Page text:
Fig. 15 displays applied load-deflection at the mid-span relations for the tested slabs AS-1, AS-3, and AS-4. The figure shows that deflection of slab AS-4 (with debonded bars in splice zone) at failure was about 58% of that of slab AS-3 (with bonded bars in splice zone). These results indicated that elimination of bond between steel reinforcement and concrete in the lap splice zone decreased the maximum deflection at failure load and decreased the ductility. The strain energies calculated for the slabs of this group were 40%, and 24% for slabs AS-3, and AS-4 respectively, of that of slab AS-1 (reference slab). Slabs AS-3 and AS-4 failed at an ultimate load of 77%, and 73%, respectively, of that of slab AS-1 (reference slab). Fig. 16 shows the relationship between values of strain (at point A) near the head of bar and load for the tested slabs in group (3). Main steel bars did not yield till failure of the spliced slabs of this group. Although only one slab was tested

in this group, the head could not develop the force of the bars through the lap splice joint and the failure was sudden and brittle when compared with the bonded slab AS-3 with the same splice properties.

4.5. Effect of applying repeated gradually increasing loading (Group 4)

Fig. 17 shows load-deflection at mid-span for the tested slabs AS-1, AS-3, AS-5, AS-6 (with monotonic loading), and AS-8, AS-9 (subjected to repeated gradually increasing loading). The figure shows that at any load level, the recorded deflection at mid-span of slabs provided with confinement at the splice zone and subjected to repeated loading was less than that of slab AS-3 without confinement and loaded monotonically. The calculated strain energies for each of the tested slabs were 40%, 414%, 284%, 423%, and 468% for slabs AS-3 (without confinement), AS-5, AS-6, AS-8, and AS-9 respectively, of that of Slab AS-1 (reference slab). Specimens AS-8 and AS-9 were able to properly dissipate energy, exhibited good ductility, and showed almost stable hysteric loops. The ultimate load values for these slabs were of 77%, 114%, 118%, 109%, and 124%, respectively, of that of slab AS-1 (reference slab). Fig. 18 shows the relationship between values of strain (at point A)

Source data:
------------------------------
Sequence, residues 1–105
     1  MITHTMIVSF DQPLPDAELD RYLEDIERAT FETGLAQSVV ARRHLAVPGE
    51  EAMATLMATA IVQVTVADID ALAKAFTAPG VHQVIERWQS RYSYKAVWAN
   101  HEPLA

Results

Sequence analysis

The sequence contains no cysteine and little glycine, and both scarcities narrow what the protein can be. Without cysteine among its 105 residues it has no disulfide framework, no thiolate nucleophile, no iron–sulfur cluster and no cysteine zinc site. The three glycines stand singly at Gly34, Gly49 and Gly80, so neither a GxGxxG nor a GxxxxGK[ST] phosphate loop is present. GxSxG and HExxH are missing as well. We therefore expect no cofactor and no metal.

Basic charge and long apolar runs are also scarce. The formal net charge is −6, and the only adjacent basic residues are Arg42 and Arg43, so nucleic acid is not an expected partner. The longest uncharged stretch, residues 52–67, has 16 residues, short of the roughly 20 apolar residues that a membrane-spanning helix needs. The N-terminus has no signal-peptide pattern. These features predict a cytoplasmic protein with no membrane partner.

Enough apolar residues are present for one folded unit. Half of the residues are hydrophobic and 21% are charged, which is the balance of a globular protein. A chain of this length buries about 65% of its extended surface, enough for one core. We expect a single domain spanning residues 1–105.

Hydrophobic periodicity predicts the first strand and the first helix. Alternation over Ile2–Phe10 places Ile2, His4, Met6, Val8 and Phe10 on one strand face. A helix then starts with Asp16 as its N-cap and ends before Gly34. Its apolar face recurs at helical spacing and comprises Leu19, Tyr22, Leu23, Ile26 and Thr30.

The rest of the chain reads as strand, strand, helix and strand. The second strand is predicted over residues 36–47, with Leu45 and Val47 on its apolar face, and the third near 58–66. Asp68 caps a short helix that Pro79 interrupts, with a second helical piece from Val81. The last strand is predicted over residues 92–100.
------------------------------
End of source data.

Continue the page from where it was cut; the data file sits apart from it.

(only loading curves are shown for slabs AS-8 & AS-9 )

o 30 J

Group (4)

-o-AS-1

—AS-3

-yield

Head of bar

1000 2000 3000 4000

Strain at point A *10E-6 (mm/mm)